my 2 cents. i have been interested in e-bikes for about 6 yrs. it took me about 1 yr to gather up the funds ( $695 for the kit and 75 for used diamondback. ) so i have had it assembled now for about 5 yrs. in that time i have gone through 3 sets of 4 SLA batts. (48v crystallyte) at first they work great once they settle in damage begins to occur fairly quickly. i could go on and on about how much you will love it at first and how much you will hate it a short while later... even in the best conditions you would be lucky to recharge ( dead-full ) 250x. the weight of my batts is easily 40+ lbs. and cost me upwards of $200 also each time ( i prefer good quality batts B+B, interstate etc.. ) and these stats i am listing are from my experience with those brands. IF you choose the SLA/AGM/GEL route you will most likely need a bike that is made from high 10 steel ( such as mine ) they are not so easily found either im my experience. most bikes today are aluminum and you would bend that frame pretty easily me thinks. take also into consideration a kick stand ( $30 ) similar to the ones on the old mopeds ( bi-stand ) now take into consideration all the time you will waste swapping things out ( batts/bags) and that is $ as well. do yourself a favor and get a decent brand to... because even with a good quality brand i still ended up with problems in the stators. i am no pro but not exactly lame either. now the bike is easily 100 lbs or so and a pain to maneuver and even with the proper kick stand all that weight STILL will not cooperate. so my advice would be first get a motor/bike that can be fitted with disc brakes if not already included. your wallet and your life will not regret it. ( after changing brake pads for the 3rd time +. ) i had to lose the bag that came with the kit and had to swap to a basket system. ( 2 broken racks later and they were quality also.. ) so its going to cost you some $, time, and aggravation. my only question is is this your hobby or do you need this for real transportation ? my bike at the current time only will travel about 4-5 miles before the stators over heat and i am walking/pushing 100 lbs back home not to mention the other issues i have mentioned... i am going to do this again believe me because my love for this is just that great and it IS even more fun then you could imagine BUT my advice to you would be do it right the first time and save yourself becoming experienced like i have although i dont mind so much i am NOT a rich person. my ideal setup would be the copenhagen front tire with quick release and i would be more then happy to take it with me wherever i go. the problem tho now ? i am used to cruising at 25 mph. the lipo packs i was looking at back then were far more expensive then either of these whole kits. i wish they would get realistic and fill the need in the market for this great technology which ppl will simply love love love love ! hehe when i started this stuff these 2 contained wheels were a mere pipe dream and look at now close to reality. also i recommend to you all to relax a little sometimes and do some trail riding i really enjoy that a lot more then any thing i ever experienced on the street.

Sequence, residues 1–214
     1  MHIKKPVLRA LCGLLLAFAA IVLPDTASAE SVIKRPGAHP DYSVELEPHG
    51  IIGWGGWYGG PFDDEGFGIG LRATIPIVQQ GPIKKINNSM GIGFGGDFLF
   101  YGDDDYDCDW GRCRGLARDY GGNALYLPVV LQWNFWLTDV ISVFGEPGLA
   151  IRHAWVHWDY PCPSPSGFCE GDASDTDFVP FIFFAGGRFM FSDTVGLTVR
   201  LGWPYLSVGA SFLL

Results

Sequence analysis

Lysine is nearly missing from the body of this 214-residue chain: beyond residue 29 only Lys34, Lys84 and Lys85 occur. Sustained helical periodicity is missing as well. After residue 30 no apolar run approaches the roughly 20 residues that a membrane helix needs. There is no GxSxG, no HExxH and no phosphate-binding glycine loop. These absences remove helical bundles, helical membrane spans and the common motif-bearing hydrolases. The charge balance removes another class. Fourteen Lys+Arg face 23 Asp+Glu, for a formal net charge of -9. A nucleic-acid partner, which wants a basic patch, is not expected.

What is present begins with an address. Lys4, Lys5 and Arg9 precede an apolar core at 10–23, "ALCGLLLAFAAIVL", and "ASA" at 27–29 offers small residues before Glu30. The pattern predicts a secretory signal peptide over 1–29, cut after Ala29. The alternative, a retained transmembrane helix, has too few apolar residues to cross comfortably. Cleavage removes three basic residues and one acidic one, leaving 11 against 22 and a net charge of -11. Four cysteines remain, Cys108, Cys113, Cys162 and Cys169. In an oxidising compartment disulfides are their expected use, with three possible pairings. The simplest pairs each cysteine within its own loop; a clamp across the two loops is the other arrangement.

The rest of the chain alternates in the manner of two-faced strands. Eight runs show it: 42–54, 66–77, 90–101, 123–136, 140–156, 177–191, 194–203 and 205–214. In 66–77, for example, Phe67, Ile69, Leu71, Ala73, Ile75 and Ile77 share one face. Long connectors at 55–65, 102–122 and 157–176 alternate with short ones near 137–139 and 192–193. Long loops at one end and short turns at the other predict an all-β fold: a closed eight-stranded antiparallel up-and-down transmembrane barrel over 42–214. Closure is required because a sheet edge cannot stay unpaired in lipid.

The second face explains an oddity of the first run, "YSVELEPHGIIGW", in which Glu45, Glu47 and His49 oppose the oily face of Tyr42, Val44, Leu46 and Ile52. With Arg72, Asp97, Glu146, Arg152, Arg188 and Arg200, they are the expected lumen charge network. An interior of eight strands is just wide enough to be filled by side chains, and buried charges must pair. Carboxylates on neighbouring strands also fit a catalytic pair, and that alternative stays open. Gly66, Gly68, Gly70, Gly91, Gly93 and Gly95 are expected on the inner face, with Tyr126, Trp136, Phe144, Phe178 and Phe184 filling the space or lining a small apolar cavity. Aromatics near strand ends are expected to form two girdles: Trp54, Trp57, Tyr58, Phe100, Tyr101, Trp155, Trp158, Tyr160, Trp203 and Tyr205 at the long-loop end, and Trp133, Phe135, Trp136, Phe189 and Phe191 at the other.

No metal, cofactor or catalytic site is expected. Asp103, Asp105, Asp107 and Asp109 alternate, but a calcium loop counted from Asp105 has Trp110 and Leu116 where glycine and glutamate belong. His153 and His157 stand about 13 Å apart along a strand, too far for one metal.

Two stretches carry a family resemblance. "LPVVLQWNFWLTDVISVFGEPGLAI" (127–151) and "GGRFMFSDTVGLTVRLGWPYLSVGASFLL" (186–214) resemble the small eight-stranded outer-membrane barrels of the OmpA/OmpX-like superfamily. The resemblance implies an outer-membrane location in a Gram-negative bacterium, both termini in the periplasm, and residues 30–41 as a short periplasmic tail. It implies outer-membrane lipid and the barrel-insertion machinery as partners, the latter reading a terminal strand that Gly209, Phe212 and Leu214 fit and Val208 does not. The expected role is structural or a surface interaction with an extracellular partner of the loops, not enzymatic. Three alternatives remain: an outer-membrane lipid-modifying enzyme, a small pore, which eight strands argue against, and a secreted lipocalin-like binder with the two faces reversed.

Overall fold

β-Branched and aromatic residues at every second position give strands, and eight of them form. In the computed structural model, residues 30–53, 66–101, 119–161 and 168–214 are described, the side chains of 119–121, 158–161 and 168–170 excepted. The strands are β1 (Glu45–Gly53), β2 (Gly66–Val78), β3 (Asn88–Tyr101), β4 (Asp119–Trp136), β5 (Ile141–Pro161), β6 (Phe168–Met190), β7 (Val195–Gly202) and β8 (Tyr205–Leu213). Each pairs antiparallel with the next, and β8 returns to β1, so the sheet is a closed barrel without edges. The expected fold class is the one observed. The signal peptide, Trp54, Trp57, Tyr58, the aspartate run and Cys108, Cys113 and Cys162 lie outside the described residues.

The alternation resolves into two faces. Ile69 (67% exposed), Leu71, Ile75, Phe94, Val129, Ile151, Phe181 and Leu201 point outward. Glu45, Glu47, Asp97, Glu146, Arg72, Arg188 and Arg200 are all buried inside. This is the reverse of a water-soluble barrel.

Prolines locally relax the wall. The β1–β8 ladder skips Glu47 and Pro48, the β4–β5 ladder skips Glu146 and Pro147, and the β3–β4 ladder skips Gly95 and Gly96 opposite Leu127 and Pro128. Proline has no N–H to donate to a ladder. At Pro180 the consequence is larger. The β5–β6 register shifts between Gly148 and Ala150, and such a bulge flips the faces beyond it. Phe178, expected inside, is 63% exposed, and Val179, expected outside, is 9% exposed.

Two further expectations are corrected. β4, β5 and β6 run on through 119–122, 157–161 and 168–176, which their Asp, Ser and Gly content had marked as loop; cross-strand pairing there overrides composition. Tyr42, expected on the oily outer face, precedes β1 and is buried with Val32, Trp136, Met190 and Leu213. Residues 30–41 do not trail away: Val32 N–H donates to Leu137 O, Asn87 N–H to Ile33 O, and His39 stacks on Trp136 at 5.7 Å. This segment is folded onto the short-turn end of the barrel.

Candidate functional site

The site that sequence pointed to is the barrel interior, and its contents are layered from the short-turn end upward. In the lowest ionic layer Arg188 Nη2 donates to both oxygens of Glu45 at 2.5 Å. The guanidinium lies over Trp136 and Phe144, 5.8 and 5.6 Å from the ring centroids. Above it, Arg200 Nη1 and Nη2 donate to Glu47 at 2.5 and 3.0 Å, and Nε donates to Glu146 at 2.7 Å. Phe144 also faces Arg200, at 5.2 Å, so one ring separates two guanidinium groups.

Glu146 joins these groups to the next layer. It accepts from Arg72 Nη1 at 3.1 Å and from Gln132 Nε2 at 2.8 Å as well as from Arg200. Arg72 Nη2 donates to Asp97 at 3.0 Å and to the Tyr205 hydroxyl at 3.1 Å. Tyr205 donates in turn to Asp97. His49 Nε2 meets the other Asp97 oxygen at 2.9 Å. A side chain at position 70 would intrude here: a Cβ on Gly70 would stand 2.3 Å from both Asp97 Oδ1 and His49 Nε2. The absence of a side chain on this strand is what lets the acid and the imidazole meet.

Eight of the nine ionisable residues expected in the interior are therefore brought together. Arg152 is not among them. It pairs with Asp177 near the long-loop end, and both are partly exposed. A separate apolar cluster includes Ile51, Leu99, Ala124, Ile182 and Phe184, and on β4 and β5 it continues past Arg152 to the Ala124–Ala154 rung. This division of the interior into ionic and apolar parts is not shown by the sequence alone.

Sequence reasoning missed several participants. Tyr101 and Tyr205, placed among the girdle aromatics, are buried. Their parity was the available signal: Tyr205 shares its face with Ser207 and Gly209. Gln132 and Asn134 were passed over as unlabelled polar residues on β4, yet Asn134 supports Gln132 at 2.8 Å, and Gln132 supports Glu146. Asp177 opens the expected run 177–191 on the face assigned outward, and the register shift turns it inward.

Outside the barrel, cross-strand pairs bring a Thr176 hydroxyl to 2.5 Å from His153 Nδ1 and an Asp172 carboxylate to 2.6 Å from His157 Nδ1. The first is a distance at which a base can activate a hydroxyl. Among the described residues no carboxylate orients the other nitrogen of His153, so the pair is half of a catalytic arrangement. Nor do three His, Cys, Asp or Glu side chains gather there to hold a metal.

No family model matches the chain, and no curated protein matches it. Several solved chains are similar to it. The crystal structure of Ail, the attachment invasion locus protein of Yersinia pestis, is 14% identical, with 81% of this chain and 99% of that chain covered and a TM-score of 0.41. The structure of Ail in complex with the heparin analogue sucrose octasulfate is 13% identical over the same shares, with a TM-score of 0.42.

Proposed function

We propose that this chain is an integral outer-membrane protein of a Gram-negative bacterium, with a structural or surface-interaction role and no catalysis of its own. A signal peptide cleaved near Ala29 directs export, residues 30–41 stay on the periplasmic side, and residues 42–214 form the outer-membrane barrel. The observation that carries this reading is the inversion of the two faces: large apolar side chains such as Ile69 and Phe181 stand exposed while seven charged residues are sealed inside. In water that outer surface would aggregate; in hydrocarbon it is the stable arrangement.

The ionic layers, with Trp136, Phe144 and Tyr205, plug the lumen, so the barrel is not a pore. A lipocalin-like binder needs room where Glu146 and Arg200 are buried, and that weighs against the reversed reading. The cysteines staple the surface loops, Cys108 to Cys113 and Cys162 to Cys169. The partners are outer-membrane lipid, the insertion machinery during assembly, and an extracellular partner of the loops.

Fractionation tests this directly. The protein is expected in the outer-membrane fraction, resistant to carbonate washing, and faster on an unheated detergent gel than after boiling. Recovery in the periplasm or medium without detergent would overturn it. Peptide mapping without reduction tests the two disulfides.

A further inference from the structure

Keith Babcock
9th January, 2014 @ 05:27 pm PST